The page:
That’s why everyone’s standing around on a hillside getting a crick in their necks! They don’t want to miss it. The moment when Jesus’ presence turns from absent to actual.
But I will say this for the two men in white, the Captains Obvious of this biblical narrative. By interrupting the disciples’ dedicated neck-craning and eye-peeling, they get them to stop looking up, and start looking around.
They implicitly remind them of the thing Jesus told them before he ascended: “You will be my witnesses.”
Witnesses have a hard time doing their job when they won’t move, or, for that matter, blink.
Witnesses actually have to accept a certain amount of absent presence as part of the package deal in order to do their jobs. If the thing or person to which they’re witnessing were still around, then we could all pull a Samaritan woman—“Come and see!”—and call it a day.
As it is, we’re charged with telling more of the story. We’re charged with telling how Jesus, this person we’ve never met in his human body, is still with us, in bread and wine, in Word and water, in moments of grace, in acts of compassion, even—and especially—in moments when it seems like God is absent.
We’re a little like Yolanda. The person who makes us who we are, who claims us as her own and loves us without reserve, isn’t here. But at the same time, her presence is still so powerfully a part of us, that we see the world differently because of her. Because of Jesus, we have a vision.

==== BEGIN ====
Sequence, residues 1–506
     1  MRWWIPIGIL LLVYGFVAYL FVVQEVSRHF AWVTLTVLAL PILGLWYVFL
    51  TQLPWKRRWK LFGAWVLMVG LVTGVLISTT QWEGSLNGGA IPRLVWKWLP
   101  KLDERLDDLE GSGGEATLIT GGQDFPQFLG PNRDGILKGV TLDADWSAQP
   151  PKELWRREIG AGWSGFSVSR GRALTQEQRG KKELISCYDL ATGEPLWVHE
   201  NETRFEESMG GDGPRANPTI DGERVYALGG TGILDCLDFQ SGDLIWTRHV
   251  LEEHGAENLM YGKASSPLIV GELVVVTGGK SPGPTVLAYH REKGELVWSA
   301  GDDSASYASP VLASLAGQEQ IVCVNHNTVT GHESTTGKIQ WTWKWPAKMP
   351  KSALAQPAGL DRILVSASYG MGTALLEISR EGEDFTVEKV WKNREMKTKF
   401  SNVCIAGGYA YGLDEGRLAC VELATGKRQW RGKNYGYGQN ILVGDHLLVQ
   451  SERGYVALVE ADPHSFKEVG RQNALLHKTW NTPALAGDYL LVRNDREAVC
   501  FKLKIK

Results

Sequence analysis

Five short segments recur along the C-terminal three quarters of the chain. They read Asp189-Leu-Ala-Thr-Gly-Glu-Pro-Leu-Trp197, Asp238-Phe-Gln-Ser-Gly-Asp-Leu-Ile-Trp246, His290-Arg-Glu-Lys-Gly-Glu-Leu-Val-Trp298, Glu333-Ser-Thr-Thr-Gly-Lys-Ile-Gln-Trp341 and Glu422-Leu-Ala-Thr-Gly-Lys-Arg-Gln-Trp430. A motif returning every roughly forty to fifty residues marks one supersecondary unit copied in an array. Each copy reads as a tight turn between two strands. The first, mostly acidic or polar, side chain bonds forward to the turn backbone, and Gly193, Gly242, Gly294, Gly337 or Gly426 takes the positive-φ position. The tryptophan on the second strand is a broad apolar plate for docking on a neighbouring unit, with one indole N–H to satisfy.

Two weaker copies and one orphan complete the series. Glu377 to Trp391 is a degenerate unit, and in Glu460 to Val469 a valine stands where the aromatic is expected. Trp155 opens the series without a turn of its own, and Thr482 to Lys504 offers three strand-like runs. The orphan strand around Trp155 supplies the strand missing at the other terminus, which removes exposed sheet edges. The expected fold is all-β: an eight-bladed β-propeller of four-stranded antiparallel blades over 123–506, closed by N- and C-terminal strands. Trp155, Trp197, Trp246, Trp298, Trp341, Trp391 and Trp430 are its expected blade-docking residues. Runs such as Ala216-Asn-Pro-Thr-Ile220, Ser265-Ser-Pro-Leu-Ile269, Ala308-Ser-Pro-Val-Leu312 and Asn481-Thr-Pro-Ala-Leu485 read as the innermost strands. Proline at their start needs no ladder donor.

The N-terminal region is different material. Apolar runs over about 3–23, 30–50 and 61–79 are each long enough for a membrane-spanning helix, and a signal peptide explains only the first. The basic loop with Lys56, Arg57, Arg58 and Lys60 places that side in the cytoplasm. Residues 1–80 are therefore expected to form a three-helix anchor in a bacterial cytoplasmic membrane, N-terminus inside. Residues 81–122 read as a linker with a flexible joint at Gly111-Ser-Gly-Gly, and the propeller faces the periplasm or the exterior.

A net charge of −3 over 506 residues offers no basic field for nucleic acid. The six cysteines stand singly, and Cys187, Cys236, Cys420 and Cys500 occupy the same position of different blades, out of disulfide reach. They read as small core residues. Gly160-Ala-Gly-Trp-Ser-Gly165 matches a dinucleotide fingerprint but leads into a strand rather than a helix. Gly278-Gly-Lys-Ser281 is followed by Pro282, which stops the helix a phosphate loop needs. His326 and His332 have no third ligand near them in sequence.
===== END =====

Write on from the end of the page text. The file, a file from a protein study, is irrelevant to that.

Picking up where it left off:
It’s a vision of a time when Jesus is among us again. Of a time when creation isn’t groaning in labors pains, because the new creation has come to be. It’s a vision of being able to see through the looking glass, clearly, the vision that God has had all along. It’s a vision of all of creation at peace and in joy, singing a hymn of praise to God forever. It’s a vision of a garden where the innocence that we lost is somehow redeemed, and we can walk with God again in the cool of the evening.
Paul wrote to the Church of Ephesus: “I pray that the God of our Lord Jesus Christ, the Father of glory, may give you a spirit of wisdom and revelation as you come to know him, so that, with the eyes of your heart enlightened, you may know what is the hope to which he has called you.…”
The vision that we see when the eyes of our hearts are enlightened—that is the right-now-not-yet vision of the world as it shall be when Christ comes again. That vision has its own sort of absent presence: when we look around at this broken, hurting world, that vision makes us see with the eyes of our hearts enlightened, and in the brokenness, we can suddenly see the golden lines of God’s careful knitting that are making us whole even in the right-now-not-yet.
Yes, we’re waiting. We’re waiting for Jesus to come down again from heaven. But the words of the two men in white sing to us even now: “Why do you stand looking up towards heaven?” And so we don’t stand waiting for a vision from heaven. Instead, we look for our beloved where he has promised to be right now: in the hungry, the thirsty, and stranger, the naked, the incarcerated.
And the aching nearness of his absence draws us to be for others what we ourselves are longing for: the Body of Christ in the world.
What a miracle. Alleluia. Amen.